Don't give a fuck.

- Thank you.

Can I ask you a quick question
about the Mayor real quick?

High school.

- That's right.
- Bram.

- How are you, man?
- Good.

Is this what
you're doing now?

- Like, really, who cares?

- I mean, groping or not,

it's believeable and it's gross
and that's what's wrong with it.

- Do you get paid for this
or is it, like, volunteer?

- Who cares?

- I don't remember the
question but I have to go.

- Word. Okay.
- See you later.

- Say "Hi" to your mom.
- Yep.

- Excuse... Excuse me, sir?
Could you just... Could you...

Do you want to answer
a quick question?


- Seeing as how
a mere three days later,

there's not a front page
mention of Gropegate...

- I don't think it's
considered a "-gate"

if it's not even mentioned
three days later.

- Claire?

- Yeah. I don't think
it's a "-gate."

- Overruled!
- Man, let's get this going!

Tonight is a special night

because for the first time in
her young career as an aborted


I pass tonight's
City Hall of Fame to...


- For answering that phone
like no other.

- Uh, how many calls redirected
over a two-day period?

- 250-fucking-four.

- Ashley!

Four years of undergrad in...

- Classics.
- Ah.

Very practical. Four years
in whatever-the-fuck that is.

Another three floating
smack in the middle

of your law-school class,

seeing your entire Facebook
doing better than you

at everything and you too

can have a job that most
forward-thinking companies

have replaced with a machine!

Ashley Pollock, everybody!

- Thank you. All right, yes!

Thank you so much.

Thank you, thank you,
thank you. Yes.

- Congratulations.

- Thank you.

Wow, I wasn't expecting this.

I am so humbled.

Truth is, I can't take
all the credit on this one.

Mostly, I have to thank
a shitload of debt.

Linda, who calls twice a week

and who's not only
my loan officer

but who's also, basically,
my therapist

and personal advisor.

Oh, no the music!

I have to thank
that piece of paper

that's hanging
in my parent's den.

- To Ashley!

- Sharma.

A year ago,
someone recorded a video,


- Of what?

She started working there
a few months ago.

- Why would she know anything?

- Press calls her before
releasing anything.

She's the gatekeeper.

- So the guy selling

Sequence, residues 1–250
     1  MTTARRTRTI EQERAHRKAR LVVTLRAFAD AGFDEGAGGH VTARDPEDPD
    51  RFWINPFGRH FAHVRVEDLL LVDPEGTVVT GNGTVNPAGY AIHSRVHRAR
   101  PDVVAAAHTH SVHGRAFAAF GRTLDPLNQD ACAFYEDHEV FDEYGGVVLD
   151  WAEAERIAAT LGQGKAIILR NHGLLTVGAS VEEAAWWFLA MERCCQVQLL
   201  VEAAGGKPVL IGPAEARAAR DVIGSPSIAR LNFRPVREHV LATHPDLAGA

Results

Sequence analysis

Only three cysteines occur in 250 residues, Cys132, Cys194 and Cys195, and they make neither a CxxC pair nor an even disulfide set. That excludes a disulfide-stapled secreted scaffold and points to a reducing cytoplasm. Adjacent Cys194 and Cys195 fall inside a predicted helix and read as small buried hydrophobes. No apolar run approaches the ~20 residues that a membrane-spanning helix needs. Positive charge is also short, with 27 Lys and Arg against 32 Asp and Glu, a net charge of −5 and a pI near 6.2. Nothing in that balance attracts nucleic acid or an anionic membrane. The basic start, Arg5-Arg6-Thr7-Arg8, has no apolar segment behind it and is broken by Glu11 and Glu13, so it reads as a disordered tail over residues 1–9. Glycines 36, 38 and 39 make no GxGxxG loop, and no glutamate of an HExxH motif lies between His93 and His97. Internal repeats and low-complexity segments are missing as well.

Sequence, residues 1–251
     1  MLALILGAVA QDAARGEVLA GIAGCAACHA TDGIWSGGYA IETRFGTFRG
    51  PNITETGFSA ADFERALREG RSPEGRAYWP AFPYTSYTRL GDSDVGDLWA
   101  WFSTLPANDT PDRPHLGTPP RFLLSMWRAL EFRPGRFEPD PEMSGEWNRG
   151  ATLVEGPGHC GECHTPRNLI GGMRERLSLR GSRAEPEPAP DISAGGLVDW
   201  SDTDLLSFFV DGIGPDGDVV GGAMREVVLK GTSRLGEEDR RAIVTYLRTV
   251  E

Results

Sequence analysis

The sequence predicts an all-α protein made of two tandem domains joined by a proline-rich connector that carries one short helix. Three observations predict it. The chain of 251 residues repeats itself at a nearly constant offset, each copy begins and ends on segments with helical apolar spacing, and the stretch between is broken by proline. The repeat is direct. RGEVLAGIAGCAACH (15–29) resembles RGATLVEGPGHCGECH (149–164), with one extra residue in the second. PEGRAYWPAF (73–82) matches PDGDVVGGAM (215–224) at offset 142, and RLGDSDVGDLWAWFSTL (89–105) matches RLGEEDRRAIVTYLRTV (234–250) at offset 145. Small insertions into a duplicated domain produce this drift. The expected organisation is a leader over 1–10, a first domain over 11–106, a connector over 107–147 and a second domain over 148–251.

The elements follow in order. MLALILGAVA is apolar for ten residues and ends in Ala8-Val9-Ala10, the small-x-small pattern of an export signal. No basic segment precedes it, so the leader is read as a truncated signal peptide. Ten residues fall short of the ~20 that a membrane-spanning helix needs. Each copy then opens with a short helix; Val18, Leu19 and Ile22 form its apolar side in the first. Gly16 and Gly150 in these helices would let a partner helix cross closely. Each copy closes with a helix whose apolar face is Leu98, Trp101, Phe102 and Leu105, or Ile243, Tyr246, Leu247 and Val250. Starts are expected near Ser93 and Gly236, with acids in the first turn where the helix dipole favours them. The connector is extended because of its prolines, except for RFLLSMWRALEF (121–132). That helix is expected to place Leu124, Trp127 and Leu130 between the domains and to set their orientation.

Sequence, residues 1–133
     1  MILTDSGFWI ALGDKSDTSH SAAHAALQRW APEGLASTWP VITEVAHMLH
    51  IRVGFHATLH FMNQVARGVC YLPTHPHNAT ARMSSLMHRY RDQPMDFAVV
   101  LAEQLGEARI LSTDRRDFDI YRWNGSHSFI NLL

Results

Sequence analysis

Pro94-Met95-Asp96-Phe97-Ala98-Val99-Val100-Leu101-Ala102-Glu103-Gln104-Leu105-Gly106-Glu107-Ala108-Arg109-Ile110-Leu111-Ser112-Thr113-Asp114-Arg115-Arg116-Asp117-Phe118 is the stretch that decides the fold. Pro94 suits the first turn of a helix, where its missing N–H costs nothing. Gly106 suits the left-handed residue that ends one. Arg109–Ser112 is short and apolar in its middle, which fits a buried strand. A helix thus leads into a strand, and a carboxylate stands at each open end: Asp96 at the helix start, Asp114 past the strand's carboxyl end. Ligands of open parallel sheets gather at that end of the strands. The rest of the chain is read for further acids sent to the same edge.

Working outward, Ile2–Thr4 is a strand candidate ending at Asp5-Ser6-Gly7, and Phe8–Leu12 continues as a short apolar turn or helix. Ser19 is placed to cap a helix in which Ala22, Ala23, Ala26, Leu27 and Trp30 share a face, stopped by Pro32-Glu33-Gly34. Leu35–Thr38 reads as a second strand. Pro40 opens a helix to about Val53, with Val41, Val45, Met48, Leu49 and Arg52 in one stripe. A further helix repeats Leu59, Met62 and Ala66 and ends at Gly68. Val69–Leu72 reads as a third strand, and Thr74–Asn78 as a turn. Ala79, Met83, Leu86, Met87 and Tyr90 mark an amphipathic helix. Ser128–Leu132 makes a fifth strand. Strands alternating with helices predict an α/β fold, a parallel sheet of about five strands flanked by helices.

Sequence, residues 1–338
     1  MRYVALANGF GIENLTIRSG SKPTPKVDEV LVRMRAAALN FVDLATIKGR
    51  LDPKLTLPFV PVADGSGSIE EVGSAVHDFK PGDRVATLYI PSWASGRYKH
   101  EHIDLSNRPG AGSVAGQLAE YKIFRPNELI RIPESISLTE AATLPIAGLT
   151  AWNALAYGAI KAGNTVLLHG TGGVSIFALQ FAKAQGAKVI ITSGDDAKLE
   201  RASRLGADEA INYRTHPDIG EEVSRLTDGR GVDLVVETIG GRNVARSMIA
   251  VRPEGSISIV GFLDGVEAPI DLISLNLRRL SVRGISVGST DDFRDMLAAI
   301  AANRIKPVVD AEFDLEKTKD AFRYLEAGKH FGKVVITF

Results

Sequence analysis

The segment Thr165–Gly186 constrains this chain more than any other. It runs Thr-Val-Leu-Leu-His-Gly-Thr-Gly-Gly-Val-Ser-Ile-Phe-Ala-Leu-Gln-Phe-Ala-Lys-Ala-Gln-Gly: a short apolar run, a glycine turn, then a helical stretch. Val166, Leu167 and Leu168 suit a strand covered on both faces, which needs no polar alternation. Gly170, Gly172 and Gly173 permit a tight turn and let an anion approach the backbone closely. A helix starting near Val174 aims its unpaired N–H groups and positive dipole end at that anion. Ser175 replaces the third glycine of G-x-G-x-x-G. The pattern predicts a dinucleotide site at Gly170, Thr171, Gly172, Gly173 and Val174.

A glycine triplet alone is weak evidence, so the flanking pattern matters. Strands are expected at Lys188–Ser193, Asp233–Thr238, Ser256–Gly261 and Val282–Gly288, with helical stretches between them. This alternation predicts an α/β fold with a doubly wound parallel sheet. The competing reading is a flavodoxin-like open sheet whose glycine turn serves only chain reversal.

the video would call her?

- No. He'd call Kamal but she
may know if the video guy

contacted him first.

- What does Kamal do?

- Special Assistant
to the Mayor.

- And he knows?

- Everything.

- Now, sorry, what's the
difference between

special assistants
and assistants?

- No, they're all special.

- Your mom tell you that, too?

Look, call the girl and tell her

we won't release her name if
that's what she's worried about.

- Oh, Judith Asche
from the paper?

She wants us to come down there.

- Oh yeah, I told her.
It's an internal issue for them.

- It sounds like one of her
guys may have met with our guy.

- Can we call our guy
"the video guy"

so we can keep this all clear?
Who's their guy?

- Which guy are
you talking about?

- The paper's guy.
- Oh, the list guy.

- Yeah. The list guy.

- Fuck.

So you tended to work
on what kind of assignments?

- What nobody else wanted.


top ten lists. Best burgers,
best fruit stands.

- But you also knew
everywhere he was gonna be?

- Everywhere he had been.
Or as he was there, maybe.

But never before.

- So how does this video come
your way if you're the guy

making lists of good burgers?

- Downsizing.

Did you
get one of these?

- No, I-I don't think...


- Susan speaking...

David. Hi.

Listen, David. David.
David, I am not

sitting through a meeting
to go through this.

I'm just not.

This is...


Where's Judith?

Because I want to
speak with her.

Ah, no, she wouldn't,
would she? Heaven forbid.

David, I am not coming in
there to put myself through this

to walk out with
a fucking folder

so everybody here
can see, okay?

I'm not.

All right, well, then,
just put whatever it is

in your little folder
in the mail for me, David.

Yes, in the mail,
and I will look it over

with a drink in my hand.

- So...

the guy didn't have a choice?

- Well, I didn't really care.

I got the call.

- Hello?

Oh, no. Um...

But I can help you.



No-no-no-yes, I can meet.

- I just think if they
let this woman go,

you should ask for
a raise. Something.

- Okay, well, they fired her

because they don't want
to pay her anymore.

So I really don't think
they're just going to roll over

whatever savings they've got
on to me.

I don't, I don't want to
discuss it.

- Okay. Okay. We don't
have to discuss it,


I just want to say that

I think you're settling.
That's it.

- Okay.

- Okay.

So, that's all you have
to say is okay?

- I thought that we
weren't discussing it.

- We not discussing it.
I'm just...

- We're just gonna keep
the discussion going.

- I'm not the kind of mother

that pressured her son to go to
law school, Bram, okay?

- No, no. You're the kind
that guilts me for

not having thought of it myself.

- And you're still
doing the lists.

Pea soups?

Okay. And the Greek.

Tuna Reuben for the boy's
coming up.

- Thank you.
- Thank you.

I'm just...

You write so well.

You're so smart

and now you're just writing
the-the 20 best things to...

I don't know! The places to make
a candle... whatever! Oh.

- Well, hm, I got
a story, anyways.


a guy called and
he wants to meet.

- Oh. About what?

- I guess we'll find out.

- Oh, my God. Where does
he want to meet you?

Actually, don't even tell me.

Just text me afterwards, okay?


- Look, you tell your story in
your own words, people listen.

Don't filter. And tell
this David guy,

"I'm pitching it.
It's my story. Don't ask."

- Tuna reuben.
- Thank you.

- Plate's hot.

- Abe.



- You don't mind?